No. 15 Article 5/July 7, 2006

Regional Reports

Northern Illinois

Moderate temperatures have returned to the region, which will be beneficial as some of the earliest-planted corn will begin to tassel by the end of the week. Most of the region received precipitation on July 3, ranging from 0.3 inch or less in the northwest and 0.5 to 1 inch in the northeast.

Soybean aphids are present in the region, but there have been no reports of populations reaching economic thresholds. We continue to receive numerous reports of cupped soybean leaves.

Extension educators began monitoring for western bean cutworm moths on July 1 as part of a multistate effort. Trapping will continue for about six weeks.

West-Central Illinois

Rain continues to be exceptionally spotty in the west-central region of the state. One field receives somewhat adequate rainfall, while several nearby fields receive little precipitation of consequence. Most producers now feel that the "drought is over" declarations made a few to several weeks ago were premature.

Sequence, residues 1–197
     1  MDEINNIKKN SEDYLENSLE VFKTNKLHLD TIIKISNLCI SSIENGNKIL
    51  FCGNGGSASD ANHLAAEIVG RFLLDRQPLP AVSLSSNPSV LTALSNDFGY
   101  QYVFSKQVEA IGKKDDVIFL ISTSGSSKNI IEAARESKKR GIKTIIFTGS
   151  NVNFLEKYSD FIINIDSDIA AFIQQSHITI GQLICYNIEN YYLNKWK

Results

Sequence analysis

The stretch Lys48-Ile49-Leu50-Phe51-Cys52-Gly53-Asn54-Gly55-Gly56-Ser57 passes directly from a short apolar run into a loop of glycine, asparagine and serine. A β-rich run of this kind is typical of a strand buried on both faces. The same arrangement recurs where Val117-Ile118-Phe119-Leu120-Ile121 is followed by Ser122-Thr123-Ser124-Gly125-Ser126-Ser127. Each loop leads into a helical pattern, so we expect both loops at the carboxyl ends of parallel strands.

Wheat harvest is wrapping up in the region. While yield estimates may not have been record breakers, they did appear more than acceptable. Many commented on the exceptional appearance of that crop at harvest.

Potato leafhopper continues to be the major story in alfalfa and appears to have surprised a number of individuals. More than a few yellow, hopper-burned field edges testify to that fact.

Soybean fields continue to display impressive infestations of Rhizoctonia root rot and now display some exceptional leaf injury from foliage-feeding pests, including the Japanese beetle.

The Japanese beetle and the adult western corn rootworm beetle are now topics of conversation regarding corn. Silk clipping already appears fairly impressive in many areas throughout the region. Varied silk emergence, intense beetle pressure, and tight margins again raise the question "to spray or not to spray." Diseasewise, the corn crop as of this moment still appears exceptionally healthy, with few fields displaying intense lesion development above the ear leaf and many fields displaying little to no lesion development at all.

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